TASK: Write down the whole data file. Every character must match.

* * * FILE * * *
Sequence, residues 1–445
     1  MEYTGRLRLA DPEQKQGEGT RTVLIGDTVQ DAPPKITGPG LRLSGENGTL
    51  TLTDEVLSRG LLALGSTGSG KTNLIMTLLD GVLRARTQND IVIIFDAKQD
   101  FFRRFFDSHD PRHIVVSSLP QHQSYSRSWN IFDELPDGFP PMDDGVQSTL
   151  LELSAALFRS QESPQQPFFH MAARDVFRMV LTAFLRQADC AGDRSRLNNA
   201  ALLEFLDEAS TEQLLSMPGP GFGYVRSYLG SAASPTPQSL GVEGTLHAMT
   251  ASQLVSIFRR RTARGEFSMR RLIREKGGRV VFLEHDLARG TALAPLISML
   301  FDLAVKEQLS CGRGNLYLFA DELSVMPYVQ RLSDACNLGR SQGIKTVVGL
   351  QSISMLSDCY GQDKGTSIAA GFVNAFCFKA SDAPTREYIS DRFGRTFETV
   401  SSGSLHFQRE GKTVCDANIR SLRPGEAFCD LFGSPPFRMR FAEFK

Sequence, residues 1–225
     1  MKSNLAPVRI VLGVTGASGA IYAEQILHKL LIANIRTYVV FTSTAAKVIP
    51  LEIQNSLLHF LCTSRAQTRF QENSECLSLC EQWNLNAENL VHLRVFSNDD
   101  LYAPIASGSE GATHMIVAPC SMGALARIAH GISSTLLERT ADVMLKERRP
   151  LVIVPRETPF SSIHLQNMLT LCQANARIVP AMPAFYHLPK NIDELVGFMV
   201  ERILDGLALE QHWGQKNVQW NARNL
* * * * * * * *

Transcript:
Sequence, residues 1–445
     1  MEYTGRLRLA DPEQKQGEGT RTVLIGDTVQ DAPPKITGPG LRLSGENGTL
    51  TLTDEVLSRG LLALGSTGSG KTNLIMTLLD GVLRARTQND IVIIFDAKQD
   101  FFRRFFDSHD PRHIVVSSLP QHQSYSRSWN IFDELPDGFP PMDDGVQSTL
   151  LELSAALFRS QESPQQPFFH MAARDVFRMV LTAFLRQADC AGDRSRLNNA
   201  ALLEFLDEAS TEQLLSMPGP GFGYVRSYLG SAASPTPQSL GVEGTLHAMT
   251  ASQLVSIFRR RTARGEFSMR RLIREKGGRV VFLEHDLARG TALAPLISML
   301  FDLAVKEQLS CGRGNLYLFA DELSVMPYVQ RLSDACNLGR SQGIKTVVGL
   351  QSISMLSDCY GQDKGTSIAA GFVNAFCFKA SDAPTREYIS DRFGRTFETV
   401  SSGSLHFQRE GKTVCDANIR SLRPGEAFCD LFGSPPFRMR FAEFK

Sequence, residues 1–225
     1  MKSNLAPVRI VLGVTGASGA IYAEQILHKL LIANIRTYVV FTSTAAKVIP
    51  LEIQNSLLHF LCTSRAQTRF QENSECLSLC EQWNLNAENL VHLRVFSNDD
   101  LYAPIASGSE GATHMIVAPC SMGALARIAH GISSTLLERT ADVMLKERRP
   151  LVIVPRETPF SSIHLQNMLT LCQANARIVP AMPAFYHLPK NIDELVGFMV
   201  ERILDGLALE QHWGQKNVQW NARNL